“Doing a Leicester City” is already a phrase that’s made its way into general soccer parlance. The meaning of the term, of course, is for a team that’s beyond the established elite to propel themselves to a position in the table that few would have anticipated they’re capable off.
It’s fair to say an overwhelming majority of soccer supporters from all walks of life have enjoyed the Foxes’ run to the summit of the Premier League table. And they’ll be wondering whether their own team is capable of producing something similar.
After all, many considered the top four spots in the division this season to be locked by the league’s juggernauts such as Manchester City, Manchester United, Arsenal and Chelsea, with Liverpool, Tottenham Hotspur, Southampton and Everton clinging on gamely, but ultimately looking to notch a space in Europe for the following term.
But Leicester, first through anarchic, end-to-end soccer and more recently through professional, measured displays, have obliterated any notion the top spot, never mind the top four, is an exclusive party.
And it begs the question, are Claudio Ranieri’s men trailblazers for the rest of the Premier League’s unfashionable soccer clubs? Or are they an anomaly in what has been, and will continue to be, a long run of expected winners of English soccer’s top flight?
There’ll certainly be more teams, owners and fans who believe they’re capable of exceeding their general expectations in 2016-17.
So often we’ve seen modest outfits rock up at venues like the Emirates Stadium, the Etihad Stadium, Old Trafford and Stamford Bridge with a containment plan but little conviction that it’ll work. Perhaps next season, after seeing Leicester mix it with the elite, that’ll change. It doesn’t take much to shatter the fear factor, which can accompany a team, as those names aforementioned have discover.
It’s easier to show boosted ambition when a mid-table club finds itself with a greater standard of footballer at their disposal too. And standards are being lifted throughout the Premier League.
West Ham United, for example, were able to lure Dimitri Payet to Upton Park this season, while Stoke City stunned plenty when they captured Xherdan Shaqiri in the summer. Meanwhile, the likes of Everton and West Bromwich Albion have been able to hold on to their best young talent despite the major players hitching up their skirt in their direction.
There are sides in the middle and lower reaches of the table that’ll be in an even better position to ensure they have a brilliant squad next term too. After all, the coffers will be boosted by a money-spinning television deal; it means any potential Leicesters-in-waiting can cultivate quality, able to lure new players and sate current ones with lucrative promises.
Of course, being flush isn’t enough. Savvy work in the window needs to be supplemented. That’s something Claudio Ranieri has done wonderfully with this Foxes side. Cohesion, incisive movement through phases, exceptional work-rate; they’re facets which have taken this season’s overachieving sides far, including the Foxes, Hammers and Spurs too.
As is often the case in the Premier League, these trends will catch on. And while the talent of players is naturally vital to prosper, this term, for the successful side, a greater emphasis has been placed on structure and solidity. Overall, these traits may not be too prevalent in the division this term, although you can bet when it comes to August, there’ll be many getting on board.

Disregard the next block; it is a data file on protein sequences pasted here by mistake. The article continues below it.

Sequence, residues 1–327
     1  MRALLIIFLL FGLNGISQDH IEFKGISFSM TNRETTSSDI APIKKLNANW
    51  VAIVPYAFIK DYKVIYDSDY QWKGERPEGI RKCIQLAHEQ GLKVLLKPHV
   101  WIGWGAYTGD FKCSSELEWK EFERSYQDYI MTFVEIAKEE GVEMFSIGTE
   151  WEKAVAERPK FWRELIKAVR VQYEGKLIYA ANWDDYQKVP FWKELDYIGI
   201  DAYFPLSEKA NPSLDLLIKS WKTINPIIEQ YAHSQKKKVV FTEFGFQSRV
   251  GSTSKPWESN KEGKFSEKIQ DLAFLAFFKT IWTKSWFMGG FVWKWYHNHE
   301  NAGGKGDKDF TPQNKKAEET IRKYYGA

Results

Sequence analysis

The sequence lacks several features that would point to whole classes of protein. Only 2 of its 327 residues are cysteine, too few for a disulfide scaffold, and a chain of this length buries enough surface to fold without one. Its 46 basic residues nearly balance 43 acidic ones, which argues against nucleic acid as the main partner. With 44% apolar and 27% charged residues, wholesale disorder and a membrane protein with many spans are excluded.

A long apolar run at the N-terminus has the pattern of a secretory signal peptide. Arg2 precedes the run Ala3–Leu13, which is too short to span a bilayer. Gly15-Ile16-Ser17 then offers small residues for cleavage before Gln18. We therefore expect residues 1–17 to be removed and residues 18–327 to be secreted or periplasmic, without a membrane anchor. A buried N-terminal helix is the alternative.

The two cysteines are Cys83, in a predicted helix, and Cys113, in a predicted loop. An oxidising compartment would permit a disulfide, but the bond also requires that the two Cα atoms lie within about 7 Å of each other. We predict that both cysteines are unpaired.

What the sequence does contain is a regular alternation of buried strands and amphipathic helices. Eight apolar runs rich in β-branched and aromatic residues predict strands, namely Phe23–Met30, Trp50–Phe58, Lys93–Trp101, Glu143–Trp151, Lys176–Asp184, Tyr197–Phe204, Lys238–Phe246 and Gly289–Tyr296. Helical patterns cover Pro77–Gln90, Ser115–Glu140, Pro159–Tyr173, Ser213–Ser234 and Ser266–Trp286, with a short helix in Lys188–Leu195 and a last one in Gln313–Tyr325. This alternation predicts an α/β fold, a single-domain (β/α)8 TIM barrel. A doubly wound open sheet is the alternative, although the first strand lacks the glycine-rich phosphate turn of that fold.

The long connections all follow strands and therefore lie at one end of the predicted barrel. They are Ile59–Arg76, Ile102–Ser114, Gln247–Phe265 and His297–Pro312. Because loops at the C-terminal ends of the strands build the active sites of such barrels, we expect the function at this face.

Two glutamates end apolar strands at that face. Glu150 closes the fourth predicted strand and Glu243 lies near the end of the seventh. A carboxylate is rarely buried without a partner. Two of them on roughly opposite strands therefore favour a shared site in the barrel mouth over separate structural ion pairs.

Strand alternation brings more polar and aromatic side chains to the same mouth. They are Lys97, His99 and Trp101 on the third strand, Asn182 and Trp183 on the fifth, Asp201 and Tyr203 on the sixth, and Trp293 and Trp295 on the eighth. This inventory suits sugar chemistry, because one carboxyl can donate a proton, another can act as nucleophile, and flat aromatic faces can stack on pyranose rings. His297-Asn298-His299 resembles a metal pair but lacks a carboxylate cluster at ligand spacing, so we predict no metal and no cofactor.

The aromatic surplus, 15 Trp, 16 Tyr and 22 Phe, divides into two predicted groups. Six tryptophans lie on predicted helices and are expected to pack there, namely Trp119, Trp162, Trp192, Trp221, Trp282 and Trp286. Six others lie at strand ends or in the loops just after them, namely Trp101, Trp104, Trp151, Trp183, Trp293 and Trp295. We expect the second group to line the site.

Plus, sterner organization and a greater appetite to work hard shouldn’t be that difficult to instill; some managers have been dining out on that ability for years. Provided that’s supplemented with the inevitable influx in talent aforementioned, the platform is there for more teams to surprise.
History would suggest this monumental effort from Leicester is a one off. After all, provided the Foxes do get over the line, there’s not been as big a surprise in the top flight since Brian Clough’s promoted Nottingham Forest side won the title in 1977-78, before going on to win back-to-back European Cups.
The Premier League behemoths aren’t going to sit back and watch the chasing pack close the gap either.
Already Chelsea and Manchester City have reacted by going out and getting in elite managers in Antonio Conte and Pep Guardiola, respectively. Liverpool, meanwhile, will only grow stronger under Jurgen Klopp, while speculation continues to bubble when it comes to Jose Mourinho and Manchester United.
But there are factors falling in line that will make matters much more open in the years to come in the top flight. That’s something that supporters should greet with excitement too, not apprehension.
Having long viewed big spending as the solution to a lot of problems which teams face in English soccer, sides are starting to get creative. Top players will still come in this summer, but clubs further down the ladder are intertwining class with other traits that have fallen out of fashion down the years. It’s been remembered that astute coaching, confidence in methods and a dose of ambition can be a leveler.
Leicester have shown that emphatically this season and served as a reminder of what can be achieved when a side executes the fundamentals of the game with consistency. It’s a blueprint that will be inevitably adopted and given how the face of the Premier League is set to change in years to come, something that can help galvanize a division which had started to grow stale.
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